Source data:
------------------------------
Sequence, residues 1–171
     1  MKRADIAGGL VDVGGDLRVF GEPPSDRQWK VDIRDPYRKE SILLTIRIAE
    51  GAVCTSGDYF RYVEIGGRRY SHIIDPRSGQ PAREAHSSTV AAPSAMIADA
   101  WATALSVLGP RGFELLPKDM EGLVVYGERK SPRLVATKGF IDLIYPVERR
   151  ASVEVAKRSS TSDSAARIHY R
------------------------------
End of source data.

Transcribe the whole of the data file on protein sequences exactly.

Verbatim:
Sequence, residues 1–171
     1  MKRADIAGGL VDVGGDLRVF GEPPSDRQWK VDIRDPYRKE SILLTIRIAE
    51  GAVCTSGDYF RYVEIGGRRY SHIIDPRSGQ PAREAHSSTV AAPSAMIADA
   101  WATALSVLGP RGFELLPKDM EGLVVYGERK SPRLVATKGF IDLIYPVERR
   151  ASVEVAKRSS TSDSAARIHY R